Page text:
Spain's 'indignant' protesters hit streets on election eve
Spain's "indignant" protesters took to the streets Saturday on the eve of a general election which opinion polls show the conservative Popular Party will win by a landslide.
Dozens of "indignants" gathered at Madrid's Puerta de Sol square, the birthplace of the movement, to discuss the elections on a day when political campaigning is banned.
They plan to stage several events, including the recreation of a home foreclosure and the reading of an "open letter" to Spain's next prime minister.
"Indignant" activists also gathered at Barcelona's Plaza de Catalunya as well as in the northern city of Valladolid.
"We are taking steps backwards. Tomorrow we have the opportunity to change course," said Angeles Espinosa, a 48-year-old manager, at Puerta del Sol.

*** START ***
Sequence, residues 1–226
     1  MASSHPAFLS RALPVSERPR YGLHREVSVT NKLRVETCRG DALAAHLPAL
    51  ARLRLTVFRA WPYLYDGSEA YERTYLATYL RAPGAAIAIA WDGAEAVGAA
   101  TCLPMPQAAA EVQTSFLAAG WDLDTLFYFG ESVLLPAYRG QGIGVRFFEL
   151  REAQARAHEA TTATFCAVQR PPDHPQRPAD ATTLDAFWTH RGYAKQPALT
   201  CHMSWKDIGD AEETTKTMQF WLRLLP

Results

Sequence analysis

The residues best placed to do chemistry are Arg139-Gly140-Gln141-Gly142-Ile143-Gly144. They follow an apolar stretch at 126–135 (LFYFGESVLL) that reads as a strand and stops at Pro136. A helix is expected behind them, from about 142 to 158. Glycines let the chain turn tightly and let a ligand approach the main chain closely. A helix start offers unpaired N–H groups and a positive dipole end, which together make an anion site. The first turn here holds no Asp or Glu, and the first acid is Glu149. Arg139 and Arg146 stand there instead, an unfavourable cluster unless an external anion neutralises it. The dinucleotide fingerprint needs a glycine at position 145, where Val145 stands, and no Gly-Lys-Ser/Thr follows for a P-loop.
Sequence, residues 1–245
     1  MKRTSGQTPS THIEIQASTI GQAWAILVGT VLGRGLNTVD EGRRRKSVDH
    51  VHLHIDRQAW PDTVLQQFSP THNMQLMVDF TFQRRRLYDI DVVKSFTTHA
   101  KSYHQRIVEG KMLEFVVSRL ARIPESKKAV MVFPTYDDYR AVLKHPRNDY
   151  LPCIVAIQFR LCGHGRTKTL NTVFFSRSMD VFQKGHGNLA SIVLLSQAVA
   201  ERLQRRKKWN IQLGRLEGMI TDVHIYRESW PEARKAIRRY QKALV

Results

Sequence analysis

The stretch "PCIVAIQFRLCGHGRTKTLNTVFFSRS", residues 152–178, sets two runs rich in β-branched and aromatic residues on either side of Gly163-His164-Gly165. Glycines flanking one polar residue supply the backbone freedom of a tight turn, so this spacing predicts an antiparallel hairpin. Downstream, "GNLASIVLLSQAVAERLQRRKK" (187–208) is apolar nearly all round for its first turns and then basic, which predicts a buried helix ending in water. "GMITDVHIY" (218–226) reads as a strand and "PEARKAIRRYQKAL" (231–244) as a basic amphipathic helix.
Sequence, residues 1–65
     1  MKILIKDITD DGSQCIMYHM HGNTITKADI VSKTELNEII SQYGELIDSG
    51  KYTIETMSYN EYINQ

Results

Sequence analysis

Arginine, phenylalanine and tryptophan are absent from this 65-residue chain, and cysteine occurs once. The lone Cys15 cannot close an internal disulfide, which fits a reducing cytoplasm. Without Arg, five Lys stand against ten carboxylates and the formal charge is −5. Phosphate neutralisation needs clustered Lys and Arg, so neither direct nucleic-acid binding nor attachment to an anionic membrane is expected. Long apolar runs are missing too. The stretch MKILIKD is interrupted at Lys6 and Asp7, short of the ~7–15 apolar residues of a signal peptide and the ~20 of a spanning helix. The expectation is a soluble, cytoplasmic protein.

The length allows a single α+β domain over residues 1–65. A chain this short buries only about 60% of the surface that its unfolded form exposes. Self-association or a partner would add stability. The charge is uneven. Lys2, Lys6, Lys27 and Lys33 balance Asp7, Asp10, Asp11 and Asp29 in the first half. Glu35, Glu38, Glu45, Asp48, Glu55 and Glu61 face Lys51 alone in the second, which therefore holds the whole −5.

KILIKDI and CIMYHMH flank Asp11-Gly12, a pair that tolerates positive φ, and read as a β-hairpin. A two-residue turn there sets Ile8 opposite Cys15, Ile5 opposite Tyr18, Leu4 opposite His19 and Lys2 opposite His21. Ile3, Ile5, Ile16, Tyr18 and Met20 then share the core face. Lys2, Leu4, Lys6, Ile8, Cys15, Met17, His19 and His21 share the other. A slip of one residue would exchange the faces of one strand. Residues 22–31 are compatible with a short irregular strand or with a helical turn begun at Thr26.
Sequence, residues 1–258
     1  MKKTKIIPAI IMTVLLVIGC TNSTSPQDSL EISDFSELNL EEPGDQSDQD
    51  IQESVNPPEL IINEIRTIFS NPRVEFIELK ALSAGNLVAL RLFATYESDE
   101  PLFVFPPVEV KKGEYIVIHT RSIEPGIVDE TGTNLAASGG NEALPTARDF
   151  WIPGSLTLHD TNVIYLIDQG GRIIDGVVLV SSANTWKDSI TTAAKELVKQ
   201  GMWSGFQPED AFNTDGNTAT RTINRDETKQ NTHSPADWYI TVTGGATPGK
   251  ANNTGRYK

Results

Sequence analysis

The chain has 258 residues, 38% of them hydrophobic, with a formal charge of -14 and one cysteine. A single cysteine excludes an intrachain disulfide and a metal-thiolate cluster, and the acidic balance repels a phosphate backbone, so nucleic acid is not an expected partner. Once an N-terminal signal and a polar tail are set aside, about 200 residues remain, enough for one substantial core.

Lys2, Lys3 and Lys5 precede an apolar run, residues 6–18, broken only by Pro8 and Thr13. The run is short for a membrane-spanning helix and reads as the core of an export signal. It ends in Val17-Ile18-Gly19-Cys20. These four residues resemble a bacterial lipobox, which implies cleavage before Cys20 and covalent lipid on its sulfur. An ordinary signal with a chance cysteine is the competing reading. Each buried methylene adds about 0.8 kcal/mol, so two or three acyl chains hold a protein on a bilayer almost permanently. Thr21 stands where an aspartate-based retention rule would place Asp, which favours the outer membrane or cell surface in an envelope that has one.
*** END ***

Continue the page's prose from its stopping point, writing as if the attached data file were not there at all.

"But what we see is that tomorrow the majority of Spaniards are going to elect a new head of the government who is nothing more than a lamb who is going to lead us to the mouth of the wolf."
Polls show the Popular Party led by Mariano Rajoy will win an absolute majority in parliament, defeating the Socialists whose popularity has been hurt by an economic crisis that has left nearly five million people unemployed.
Rajoy has vowed to make cuts "everywhere", except for pensions, so as to meet Spain's target of cutting the public deficit to 4.4 percent of gross domestic product in 2012 from 9.3 percent last year.
Spain's "indignant" protest movement was born when thousands of people set up camp at the Puerta del Sol ahead of May 22 municipal elections to vent anger over the high jobless rate, corrupt politicians and government policies which they say favour big business and banks over ordinary people.
© 2011 AFP